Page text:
INTRODUCTION to FINE DAY: Plains Cree Warrior, Shaman & Elder
by Garry Radison (Published by Smoke Ridge Books).
Much of the history of western Canada has been told from the viewpoint of eastern Canada. The early history is often gleaned from the records of the Hudson’s Bay Company that itemized every trinket and fur but said little about the people who brought in those furs. When the immigrants arrived, the First Nations population was pushed to the side, their politics and culture disregarded. Even in the hundred and fifty years that followed, little was done to record indigenous western history.
Fortunately, in 1934, David Goodman Mandelbaum (1911–1987), an anthropology student from Yale University, came to Saskatchewan to gather cultural information about the Plains Cree for his thesis. Mandelbaum would go on to attain his doctorate and have a distinguished career in anthropology. He discovered that in Fine Day he had an eloquent informer with a vast knowledge of Cree culture, and in his well-known book, The Plains Cree, An Ethnographic, Historical and Comparative Study, he acknowledges Fine Day’s contribution. But throughout more than forty interviews with Mandelbaum, Fine Day scattered the details of his own experiences and thereby left us his personal history that is also the history of his people.
For much of the past 125 years historians who have touched on historical First Nations personalities have been content with repeating well known anecdotes or newspaper accounts. Most of these stories place the eastern newcomers at the center of these encounters. Hugh Dempsey’s Big Bear: The End of Freedom (1984) was one of the first (and best) books to present an important First Nations figure in the context of his own culture. The title of Deanna Christensen’s Ahtahkakoop: The Epic Account of a Plains Cree Head Chief, His People, and Their Struggle for Survival, 1816–1896 (Ahtahkakoop Publishing, 2000) speaks for itself. My own book, Kâ-pçpâmahchakwçw ~ Wandering Spirit: Plains Cree War Chief, (Smoke Ridge Books, 2009) was the first full-length biography of this little known and grossly misunderstood war chief. Seen from the perspective of his own culture, Wandering Spirit emerges as a responsible leader whose first and foremost concern was for the safety of his band. Far from being the villain that Canadians portrayed him as being, he acted in good faith, erring only in not fully understanding the consequences of challenging the political and cultural pressures that were forcing the Cree into submission.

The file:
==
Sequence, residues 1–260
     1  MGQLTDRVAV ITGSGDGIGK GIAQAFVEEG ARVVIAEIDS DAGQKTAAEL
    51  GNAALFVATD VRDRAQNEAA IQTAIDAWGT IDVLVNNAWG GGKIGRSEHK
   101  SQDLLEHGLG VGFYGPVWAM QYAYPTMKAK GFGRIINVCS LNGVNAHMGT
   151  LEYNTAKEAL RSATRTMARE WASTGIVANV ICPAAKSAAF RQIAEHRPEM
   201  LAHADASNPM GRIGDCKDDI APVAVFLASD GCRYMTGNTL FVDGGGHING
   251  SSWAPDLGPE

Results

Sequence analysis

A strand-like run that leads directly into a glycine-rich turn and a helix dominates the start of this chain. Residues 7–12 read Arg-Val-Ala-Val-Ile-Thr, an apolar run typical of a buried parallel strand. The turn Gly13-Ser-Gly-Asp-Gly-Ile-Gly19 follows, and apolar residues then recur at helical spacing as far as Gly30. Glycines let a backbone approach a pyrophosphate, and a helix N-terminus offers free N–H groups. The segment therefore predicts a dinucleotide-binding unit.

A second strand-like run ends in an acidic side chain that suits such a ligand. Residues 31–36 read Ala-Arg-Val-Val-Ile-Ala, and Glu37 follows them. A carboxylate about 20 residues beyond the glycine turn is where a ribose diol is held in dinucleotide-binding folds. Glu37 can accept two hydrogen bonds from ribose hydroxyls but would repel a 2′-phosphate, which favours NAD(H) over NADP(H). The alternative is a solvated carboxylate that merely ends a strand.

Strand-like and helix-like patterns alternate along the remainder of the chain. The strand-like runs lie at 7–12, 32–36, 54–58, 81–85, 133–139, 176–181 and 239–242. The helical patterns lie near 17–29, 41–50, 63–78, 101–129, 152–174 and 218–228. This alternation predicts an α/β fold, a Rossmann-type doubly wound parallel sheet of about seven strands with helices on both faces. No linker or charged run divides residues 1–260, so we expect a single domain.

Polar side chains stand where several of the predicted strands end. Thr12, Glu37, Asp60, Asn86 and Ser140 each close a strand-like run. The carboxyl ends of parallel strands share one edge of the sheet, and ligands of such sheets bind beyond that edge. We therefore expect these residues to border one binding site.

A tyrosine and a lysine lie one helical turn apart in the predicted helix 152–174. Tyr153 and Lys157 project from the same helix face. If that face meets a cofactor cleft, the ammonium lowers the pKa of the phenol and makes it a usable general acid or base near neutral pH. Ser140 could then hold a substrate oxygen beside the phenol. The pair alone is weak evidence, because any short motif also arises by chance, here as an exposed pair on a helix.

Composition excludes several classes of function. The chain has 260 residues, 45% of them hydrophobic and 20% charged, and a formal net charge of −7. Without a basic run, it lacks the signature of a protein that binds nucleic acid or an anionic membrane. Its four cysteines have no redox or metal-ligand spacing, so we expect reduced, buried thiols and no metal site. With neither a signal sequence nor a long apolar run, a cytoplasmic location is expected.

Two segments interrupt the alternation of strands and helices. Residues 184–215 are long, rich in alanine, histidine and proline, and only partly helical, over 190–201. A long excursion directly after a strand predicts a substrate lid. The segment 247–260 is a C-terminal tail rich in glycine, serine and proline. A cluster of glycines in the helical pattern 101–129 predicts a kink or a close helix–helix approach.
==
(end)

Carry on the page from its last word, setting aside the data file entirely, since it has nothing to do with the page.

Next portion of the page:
There are still other figures that deserve the attention of an astute biographer. With this present volume, I hope to address the neglect of historians who have deposited Fine Day on Cut Knife Hill on May 2, 1885, his experiences solidified into a cliché. Using only that moment, historian Grant MacEwan wrote a chapter, purportedly on Fine Day, but which, due to lack of information, detailed the life of Tecumseh, the Shawnee chief who fought with the British against the Americans in the war of 1812 and to whom Fine Day was often compared by eastern Canadians. By confining these figures to one moment in time, historians devalue the culture and falsify western history.